Grumpy Br(u)no: Whatever Happened to Telephone Calls?
Photo credit: Freepik / Illustrative Photo.
Not so long ago, it was commonplace to call people and talk on the telephone. You’d share the latest news. You’d gab about the latest gossip. Or you’d just brag about a sport team’s victory. It was second-nature: pick up the phone, dial some numbers and talk.
Society has changed.
Clearly, general communication has improved. During this quarantine against the spread of the coronavirus, many of us were able to move to home offices relatively easily. We are in constant communication for work, be it with video conferences (i.e., Google Classroom, Zoom, Skype) or instant messaging (i.e., Microsoft Teams, Slack, WhatsApp). These forms of communication are cheap and effective.
However, even though everyone has their mobile phone within a meter at all times, people rarely use it to actually talk to friends and family anymore. Whatever happened to calling someone out of the blue, cradling the phone between our head and shoulder and just talking?
Now, if you do call someone, it is hard not to feel as though you are imposing.
Lately, it has become obvious that people are getting beaten down by the circumstances of life, both on a global level and a personal level. A simple phone call might provide the old-school social connection to make a difference.
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Earlier this year, I got a phone call from someone I wanted to profile. I was sweating on the treadmill, watching a YouTube video on my phone and listening to the audio with earbuds. Suddenly, the Templar Knights documentary turned into flashing graphics and the earbuds started blaring. I, literally, didn’t know what to do. I nearly got swept off of the treadmill.
The phone was probably a journalist’s most important tool. It was the key to contacting people, getting quotes, compiling information and producing a timely story. Now, things are more high-tech, but, frankly, email is too slow when you really need information.
My foot-in-the-door position in journalism was fielding phone calls in the sports department of a city newspaper. Most nights, coaches from dozens of high school sports events would call so that I could record the agate-font scores and statistics and, with a few key questions, put together a short round-up of the big basketball games and swim meets. It sucked when, on quiet nights in the newsroom, you had to interview people with all of the editors listening to your end of the conversation. Yet, that is what grew you up fast.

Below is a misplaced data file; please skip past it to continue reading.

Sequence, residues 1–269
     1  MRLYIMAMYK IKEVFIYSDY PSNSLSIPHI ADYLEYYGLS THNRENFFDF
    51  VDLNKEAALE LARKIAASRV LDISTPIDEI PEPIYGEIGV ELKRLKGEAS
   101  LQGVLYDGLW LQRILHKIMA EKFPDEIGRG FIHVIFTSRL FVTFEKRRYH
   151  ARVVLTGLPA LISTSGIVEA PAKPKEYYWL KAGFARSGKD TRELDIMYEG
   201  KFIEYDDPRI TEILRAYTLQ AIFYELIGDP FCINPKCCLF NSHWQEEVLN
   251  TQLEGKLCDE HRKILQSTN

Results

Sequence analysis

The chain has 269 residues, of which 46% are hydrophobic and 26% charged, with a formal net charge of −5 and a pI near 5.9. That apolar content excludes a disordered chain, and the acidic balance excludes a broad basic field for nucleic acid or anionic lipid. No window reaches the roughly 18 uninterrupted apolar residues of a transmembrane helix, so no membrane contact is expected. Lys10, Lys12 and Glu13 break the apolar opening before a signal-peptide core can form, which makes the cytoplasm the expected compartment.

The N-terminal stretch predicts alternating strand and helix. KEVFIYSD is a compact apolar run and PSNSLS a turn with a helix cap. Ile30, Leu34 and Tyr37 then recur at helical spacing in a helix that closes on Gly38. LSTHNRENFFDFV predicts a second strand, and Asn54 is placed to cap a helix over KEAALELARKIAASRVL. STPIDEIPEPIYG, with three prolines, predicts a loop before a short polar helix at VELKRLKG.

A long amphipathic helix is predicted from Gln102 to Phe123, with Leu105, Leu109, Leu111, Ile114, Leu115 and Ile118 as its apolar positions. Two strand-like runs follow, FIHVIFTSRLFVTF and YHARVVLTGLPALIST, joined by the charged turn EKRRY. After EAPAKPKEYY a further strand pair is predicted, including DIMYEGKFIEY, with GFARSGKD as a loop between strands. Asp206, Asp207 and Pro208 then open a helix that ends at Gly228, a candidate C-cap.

Later, when I was a publicist in horse racing, I would constantly get phone calls with information for the media in the press box and event information that had to get to the track announcer. Some days were so harried that I would pick up the phone and simply say “Go”.
Over the past couple decades, with the subsequent rise and ubiquity of email and internet communication, the number of phone calls has declined. This was a really strange — and massive — societal change. When I arrived in the Czech Republic in 2006, text messages were already the rage because phone calls cost extra.
Now, I go weeks without getting a call, especially since my wife and I are both working from home all day. My only real calls are from delivery drivers.
In my main job, I constantly communicate with people via an instant-messaging service. For whatever reason — I guess it is some kind of muscle memory — I treat every message like a ringing phone: as soon as my computer beeps, I feel the need to respond. Somehow it feels normal to have my concentration constantly interrupted.
Clearly, there are positives about written communication (e.g., historical record for reference purposes, less anxiety about difficult topics, a slower pace), but there are also negatives (e.g., less human connection, no audible emotional markers, delayed responses).
The saddest part is that, more times than not, the written responses often take much longer to write and explain than what could have been imparted more easily with a quick and efficient phone call.
But, that is not the way of the world any more.
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How many phone calls do you regularly make or receive? Would processes in your professional life be improved by simple phone calls? Do you send messages to set up calls?